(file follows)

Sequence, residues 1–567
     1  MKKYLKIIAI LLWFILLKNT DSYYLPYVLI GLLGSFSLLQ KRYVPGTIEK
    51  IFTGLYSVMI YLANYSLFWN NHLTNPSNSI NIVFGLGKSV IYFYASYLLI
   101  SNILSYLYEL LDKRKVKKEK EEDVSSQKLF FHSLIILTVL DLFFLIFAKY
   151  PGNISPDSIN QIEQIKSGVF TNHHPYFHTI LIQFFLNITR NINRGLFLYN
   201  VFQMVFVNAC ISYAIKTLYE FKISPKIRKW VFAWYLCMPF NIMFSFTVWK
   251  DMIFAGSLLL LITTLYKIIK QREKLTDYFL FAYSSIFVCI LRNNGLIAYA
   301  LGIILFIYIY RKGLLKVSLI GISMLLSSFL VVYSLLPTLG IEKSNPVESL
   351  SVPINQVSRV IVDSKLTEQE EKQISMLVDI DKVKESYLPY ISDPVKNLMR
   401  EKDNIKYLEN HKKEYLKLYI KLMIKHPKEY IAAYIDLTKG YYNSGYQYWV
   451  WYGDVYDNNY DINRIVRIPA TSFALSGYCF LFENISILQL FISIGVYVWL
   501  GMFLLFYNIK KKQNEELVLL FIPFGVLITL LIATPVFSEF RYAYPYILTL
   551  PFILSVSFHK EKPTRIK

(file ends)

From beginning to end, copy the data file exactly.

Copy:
Sequence, residues 1–567
     1  MKKYLKIIAI LLWFILLKNT DSYYLPYVLI GLLGSFSLLQ KRYVPGTIEK
    51  IFTGLYSVMI YLANYSLFWN NHLTNPSNSI NIVFGLGKSV IYFYASYLLI
   101  SNILSYLYEL LDKRKVKKEK EEDVSSQKLF FHSLIILTVL DLFFLIFAKY
   151  PGNISPDSIN QIEQIKSGVF TNHHPYFHTI LIQFFLNITR NINRGLFLYN
   201  VFQMVFVNAC ISYAIKTLYE FKISPKIRKW VFAWYLCMPF NIMFSFTVWK
   251  DMIFAGSLLL LITTLYKIIK QREKLTDYFL FAYSSIFVCI LRNNGLIAYA
   301  LGIILFIYIY RKGLLKVSLI GISMLLSSFL VVYSLLPTLG IEKSNPVESL
   351  SVPINQVSRV IVDSKLTEQE EKQISMLVDI DKVKESYLPY ISDPVKNLMR
   401  EKDNIKYLEN HKKEYLKLYI KLMIKHPKEY IAAYIDLTKG YYNSGYQYWV
   451  WYGDVYDNNY DINRIVRIPA TSFALSGYCF LFENISILQL FISIGVYVWL
   501  GMFLLFYNIK KKQNEELVLL FIPFGVLITL LIATPVFSEF RYAYPYILTL
   551  PFILSVSFHK EKPTRIK